THE HUNGER GAMES: THE BALLAD OF SONGBIRDS & SNAKES
Starring: Tom Blyth, Rachel Zegler, Peter Dinklage, Hunter Schafer, Josh Andrés Rivers, Jason Schwartzman, and Viola Davis
Director: Francis Lawrence
The Hunger Games has always highlighted humans’ will to survive, and The Ballad of Songbirds & Snakes is an excellent franchise addition that exemplifies this ideal. Director Francis Lawrence unwaveringly showcases humanity’s bravery and brutality, fostering riveting performances from the entire cast, especially Viola Davis and Rachel Zegler. Breakneck pacing creates a thrilling, action-packed first two acts, but it slightly stifles act three’s emotional payoff due to, even at two-and-a-half hours, packing so much detail into a short amount of time. Yet and still, the exhilarating tension and outstanding cast make this a franchise best. I can’t wait to read the book.
While The Ballad of Songbirds & Snakes succeeds in the world-building of Panem, it stumbles with an uneven and bloated telling of the franchise villain's origin story. That said, the first two acts give us fascinating insight into the evolution of the games and Coriolanus Snow’s (Tom Blyth) journey to this point while throwing us back into the world of The Hunger Games we are fond of. All of this allows the outstanding cast to shine throughout. However, the film’s downfall is a rushed third act that leaves the story’s conclusion feeling somewhat unearned.
The Hunger Games has always been just another franchise to me. Not bad, but nothing special either. The Ballad of Songbirds & Snakes, while admittedly an improvement over the two Mockingjay movies, hasn’t changed my mind. Despite being excellent when it’s in the arena (Act Two), the overall story is too much for one movie, even at more than 2.5 hours. The third act feels incredibly rushed, overstuffed, and tacked on, resulting in a deflating 45-minute stretch that comes after the film’s emotional climax in the tense second act. That aside, the world-building and performances are nice, especially from Viola Davis and Jason Schwartzman.
The Ballad of Songbirds & Snakes is a tale of three acts. Its first act is a bit expository, but its production value and world-building interestingly expand on the original films. The second act is kind of amazing. It’s invigorating and intense, featuring some of the franchise's best moments while highlighting the phenomenal cast, namely Viola Davis and Rachel Zegler. Sadly, the final act is when it dips, dragging out a runtime that can quickly lose the audience’s interest. While it definitely lost me, it’s still an improvement over the past two installments.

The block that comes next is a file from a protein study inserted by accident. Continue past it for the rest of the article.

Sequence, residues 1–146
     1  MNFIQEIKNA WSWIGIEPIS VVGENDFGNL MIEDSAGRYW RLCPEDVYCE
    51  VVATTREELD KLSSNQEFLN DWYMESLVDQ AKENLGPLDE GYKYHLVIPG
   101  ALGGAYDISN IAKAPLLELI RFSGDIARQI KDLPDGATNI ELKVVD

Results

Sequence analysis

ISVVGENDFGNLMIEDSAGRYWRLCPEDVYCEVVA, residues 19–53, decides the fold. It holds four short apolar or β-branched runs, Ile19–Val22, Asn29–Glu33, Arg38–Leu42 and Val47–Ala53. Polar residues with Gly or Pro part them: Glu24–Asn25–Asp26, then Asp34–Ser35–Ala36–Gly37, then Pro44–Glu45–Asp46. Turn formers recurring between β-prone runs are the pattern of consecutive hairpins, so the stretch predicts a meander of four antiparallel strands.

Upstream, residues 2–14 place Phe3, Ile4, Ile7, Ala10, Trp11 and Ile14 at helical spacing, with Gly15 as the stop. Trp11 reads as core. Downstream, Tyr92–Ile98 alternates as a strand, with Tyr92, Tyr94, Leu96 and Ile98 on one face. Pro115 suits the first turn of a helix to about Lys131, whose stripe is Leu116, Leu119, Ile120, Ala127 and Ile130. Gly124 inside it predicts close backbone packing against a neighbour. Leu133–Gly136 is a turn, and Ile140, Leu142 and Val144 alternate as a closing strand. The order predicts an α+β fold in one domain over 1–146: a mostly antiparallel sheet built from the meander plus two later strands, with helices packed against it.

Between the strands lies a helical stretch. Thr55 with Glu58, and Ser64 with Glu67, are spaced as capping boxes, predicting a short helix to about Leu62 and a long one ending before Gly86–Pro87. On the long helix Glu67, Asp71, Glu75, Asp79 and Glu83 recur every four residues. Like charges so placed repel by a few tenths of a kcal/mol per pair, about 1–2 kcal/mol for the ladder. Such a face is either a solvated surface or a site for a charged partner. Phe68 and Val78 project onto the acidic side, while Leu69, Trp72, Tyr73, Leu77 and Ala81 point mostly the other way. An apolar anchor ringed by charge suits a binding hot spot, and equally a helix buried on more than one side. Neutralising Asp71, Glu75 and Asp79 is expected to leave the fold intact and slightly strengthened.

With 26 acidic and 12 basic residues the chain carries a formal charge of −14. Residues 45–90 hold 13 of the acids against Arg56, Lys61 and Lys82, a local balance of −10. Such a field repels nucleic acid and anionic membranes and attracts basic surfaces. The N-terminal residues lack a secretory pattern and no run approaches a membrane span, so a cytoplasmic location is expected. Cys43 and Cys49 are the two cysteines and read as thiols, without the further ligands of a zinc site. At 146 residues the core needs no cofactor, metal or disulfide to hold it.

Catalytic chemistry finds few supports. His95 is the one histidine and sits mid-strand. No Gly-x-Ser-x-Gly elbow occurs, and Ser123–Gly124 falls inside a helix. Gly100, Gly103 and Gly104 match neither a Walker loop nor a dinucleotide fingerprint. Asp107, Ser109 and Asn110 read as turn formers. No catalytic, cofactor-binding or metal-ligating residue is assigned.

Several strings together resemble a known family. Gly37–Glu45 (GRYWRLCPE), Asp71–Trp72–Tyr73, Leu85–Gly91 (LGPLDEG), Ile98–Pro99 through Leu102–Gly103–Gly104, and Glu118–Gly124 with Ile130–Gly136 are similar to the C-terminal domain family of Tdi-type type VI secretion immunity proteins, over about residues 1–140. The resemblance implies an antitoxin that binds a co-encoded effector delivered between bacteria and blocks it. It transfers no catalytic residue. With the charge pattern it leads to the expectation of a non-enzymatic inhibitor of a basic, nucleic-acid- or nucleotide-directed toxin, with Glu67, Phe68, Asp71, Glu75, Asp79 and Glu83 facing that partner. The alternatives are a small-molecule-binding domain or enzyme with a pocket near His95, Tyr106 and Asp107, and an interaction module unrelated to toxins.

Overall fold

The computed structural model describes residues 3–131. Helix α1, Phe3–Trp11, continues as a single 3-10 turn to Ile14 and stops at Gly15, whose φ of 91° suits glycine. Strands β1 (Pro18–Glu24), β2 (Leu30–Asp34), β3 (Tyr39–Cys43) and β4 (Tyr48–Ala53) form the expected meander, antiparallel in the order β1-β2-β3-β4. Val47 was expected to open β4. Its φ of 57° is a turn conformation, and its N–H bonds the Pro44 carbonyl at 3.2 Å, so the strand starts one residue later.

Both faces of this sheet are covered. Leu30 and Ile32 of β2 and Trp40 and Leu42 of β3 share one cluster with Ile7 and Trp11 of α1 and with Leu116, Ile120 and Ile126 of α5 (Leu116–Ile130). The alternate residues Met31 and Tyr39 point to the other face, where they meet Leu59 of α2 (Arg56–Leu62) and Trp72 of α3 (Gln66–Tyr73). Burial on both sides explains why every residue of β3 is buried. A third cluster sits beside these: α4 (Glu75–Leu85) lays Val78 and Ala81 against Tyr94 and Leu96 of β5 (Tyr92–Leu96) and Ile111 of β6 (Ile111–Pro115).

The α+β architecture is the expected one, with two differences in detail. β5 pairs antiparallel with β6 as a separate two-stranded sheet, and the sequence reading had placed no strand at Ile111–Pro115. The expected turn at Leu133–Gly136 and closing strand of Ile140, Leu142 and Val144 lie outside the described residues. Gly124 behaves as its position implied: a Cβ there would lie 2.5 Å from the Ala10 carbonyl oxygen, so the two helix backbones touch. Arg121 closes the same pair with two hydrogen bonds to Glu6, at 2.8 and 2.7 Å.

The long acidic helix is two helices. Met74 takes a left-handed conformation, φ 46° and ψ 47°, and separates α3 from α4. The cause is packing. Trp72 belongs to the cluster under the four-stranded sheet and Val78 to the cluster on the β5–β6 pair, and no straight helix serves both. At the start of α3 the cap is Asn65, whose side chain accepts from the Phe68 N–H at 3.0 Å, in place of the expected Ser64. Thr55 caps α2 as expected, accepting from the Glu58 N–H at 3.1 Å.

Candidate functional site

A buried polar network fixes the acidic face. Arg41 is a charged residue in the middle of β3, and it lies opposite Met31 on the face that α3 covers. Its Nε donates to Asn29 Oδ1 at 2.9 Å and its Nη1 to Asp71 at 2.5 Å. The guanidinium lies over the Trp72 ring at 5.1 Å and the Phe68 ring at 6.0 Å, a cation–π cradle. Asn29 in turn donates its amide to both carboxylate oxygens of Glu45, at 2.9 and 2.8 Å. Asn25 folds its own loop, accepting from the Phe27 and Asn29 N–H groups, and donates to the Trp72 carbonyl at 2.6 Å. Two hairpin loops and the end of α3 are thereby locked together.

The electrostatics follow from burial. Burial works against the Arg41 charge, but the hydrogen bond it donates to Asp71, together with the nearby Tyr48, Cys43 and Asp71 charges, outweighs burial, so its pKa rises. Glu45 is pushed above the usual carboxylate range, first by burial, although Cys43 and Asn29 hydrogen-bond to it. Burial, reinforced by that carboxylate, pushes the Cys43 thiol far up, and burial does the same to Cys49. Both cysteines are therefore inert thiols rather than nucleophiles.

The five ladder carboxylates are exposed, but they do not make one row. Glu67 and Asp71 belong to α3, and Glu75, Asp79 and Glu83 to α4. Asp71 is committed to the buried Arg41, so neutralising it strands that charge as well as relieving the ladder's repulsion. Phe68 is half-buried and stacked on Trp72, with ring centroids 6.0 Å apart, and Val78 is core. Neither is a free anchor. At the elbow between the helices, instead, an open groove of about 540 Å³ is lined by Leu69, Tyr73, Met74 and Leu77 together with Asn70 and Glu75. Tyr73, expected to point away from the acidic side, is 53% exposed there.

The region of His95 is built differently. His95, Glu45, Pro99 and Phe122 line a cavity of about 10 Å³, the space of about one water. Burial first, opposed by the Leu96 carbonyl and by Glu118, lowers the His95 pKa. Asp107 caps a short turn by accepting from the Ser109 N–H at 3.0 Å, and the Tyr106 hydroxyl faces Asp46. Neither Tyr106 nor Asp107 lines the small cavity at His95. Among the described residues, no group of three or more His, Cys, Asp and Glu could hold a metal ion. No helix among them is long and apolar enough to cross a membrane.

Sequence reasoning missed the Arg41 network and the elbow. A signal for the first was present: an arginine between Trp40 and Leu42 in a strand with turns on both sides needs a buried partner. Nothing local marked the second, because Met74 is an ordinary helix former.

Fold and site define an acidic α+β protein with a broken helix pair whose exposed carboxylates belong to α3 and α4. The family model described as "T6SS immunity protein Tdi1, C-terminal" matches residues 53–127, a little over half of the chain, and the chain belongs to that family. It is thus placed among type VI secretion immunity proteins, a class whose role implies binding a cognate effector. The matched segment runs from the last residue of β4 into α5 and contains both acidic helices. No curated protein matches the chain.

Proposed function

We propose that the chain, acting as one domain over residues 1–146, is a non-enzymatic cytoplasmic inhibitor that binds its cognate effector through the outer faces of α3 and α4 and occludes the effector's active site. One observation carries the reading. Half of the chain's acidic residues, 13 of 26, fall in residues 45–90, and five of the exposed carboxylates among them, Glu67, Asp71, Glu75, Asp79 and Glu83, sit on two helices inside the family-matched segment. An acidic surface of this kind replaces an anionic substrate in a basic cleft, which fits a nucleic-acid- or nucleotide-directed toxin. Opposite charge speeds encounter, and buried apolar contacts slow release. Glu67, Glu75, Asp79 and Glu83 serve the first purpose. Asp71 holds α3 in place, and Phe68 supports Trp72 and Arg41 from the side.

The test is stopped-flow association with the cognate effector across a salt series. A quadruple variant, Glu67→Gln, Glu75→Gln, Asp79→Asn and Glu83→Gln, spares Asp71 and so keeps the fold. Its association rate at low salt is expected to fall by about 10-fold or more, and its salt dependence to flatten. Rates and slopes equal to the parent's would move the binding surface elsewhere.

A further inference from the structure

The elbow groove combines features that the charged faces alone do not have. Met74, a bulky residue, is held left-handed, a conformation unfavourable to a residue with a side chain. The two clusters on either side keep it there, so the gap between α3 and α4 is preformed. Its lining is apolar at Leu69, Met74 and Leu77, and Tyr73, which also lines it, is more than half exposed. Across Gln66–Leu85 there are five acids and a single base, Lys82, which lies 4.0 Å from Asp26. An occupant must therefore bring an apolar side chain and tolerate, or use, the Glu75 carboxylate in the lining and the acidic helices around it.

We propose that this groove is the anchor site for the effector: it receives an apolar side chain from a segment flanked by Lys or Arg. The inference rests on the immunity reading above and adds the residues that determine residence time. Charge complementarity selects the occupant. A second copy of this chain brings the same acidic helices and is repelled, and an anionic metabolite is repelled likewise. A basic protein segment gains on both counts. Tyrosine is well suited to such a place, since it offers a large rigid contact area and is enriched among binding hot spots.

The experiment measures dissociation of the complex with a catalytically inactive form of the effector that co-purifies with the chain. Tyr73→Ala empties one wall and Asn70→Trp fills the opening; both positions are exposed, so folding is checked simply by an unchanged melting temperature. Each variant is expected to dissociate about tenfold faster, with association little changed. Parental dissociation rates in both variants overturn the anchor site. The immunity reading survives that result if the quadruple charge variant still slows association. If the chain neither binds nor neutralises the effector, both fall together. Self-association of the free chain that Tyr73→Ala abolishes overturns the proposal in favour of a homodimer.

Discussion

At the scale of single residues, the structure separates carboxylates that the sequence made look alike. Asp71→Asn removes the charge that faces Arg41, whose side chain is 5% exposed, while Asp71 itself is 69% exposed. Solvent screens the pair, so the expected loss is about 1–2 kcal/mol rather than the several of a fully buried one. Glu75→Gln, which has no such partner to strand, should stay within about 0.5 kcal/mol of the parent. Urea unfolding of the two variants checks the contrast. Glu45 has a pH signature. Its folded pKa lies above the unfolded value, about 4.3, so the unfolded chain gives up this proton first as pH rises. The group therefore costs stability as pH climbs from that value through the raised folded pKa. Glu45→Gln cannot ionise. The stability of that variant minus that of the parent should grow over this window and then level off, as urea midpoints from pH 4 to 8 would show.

The Ballad of Songbirds & Snakes is ambitious to a fault, covering far too much ground for one film. The performances are great, but the character arcs are rushed, and the relationship between the leads doesn’t have enough time to breathe. Rachel Zegler also has a few too many musical numbers, most of which are kind of awkward. However, it is still pretty fun going back to Panem. The world-building and production design are the film's strongest elements, and franchise fans will certainly admire the attention to detail. Despite its uneven narrative, Songbirds & Snakes still makes for a worthy addition to this beloved series.
Set across three acts spanning over two and a half hours, I was very underwhelmed by The Ballad of Songbirds & Snakes. It skims through one event after another, leaving many interesting aspects of this earlier version of Panem underdeveloped, but ensuring plenty of time for Rachel Zegler’s musical numbers. This left the central romance between Lucy Gray (Zegler) and Snow (Tom Blyth) under-explored and unconvincing, and made the film seem a little shy to really examine Snow as a villain. However, the production design is impressive and there are some fantastic performances, particularly from Jason Schwartzman and Viola Davis.
The Ballad of Songbirds & Snakes may be worthy of a trip to the theaters if you are a HUGE fan of The Hunger Games, but it fits better as a future late-night streaming option for most. While I have enjoyed the books and the movies, this prequel is just completely overstuffed. By the time the third act hits, much of the theater thought that emptying their bladder was time better spent before soldiering on. The production value and performances are highlights, but with a sickly-paced and unoriginal plot, there is little to inspire real commitment to this tragic love story.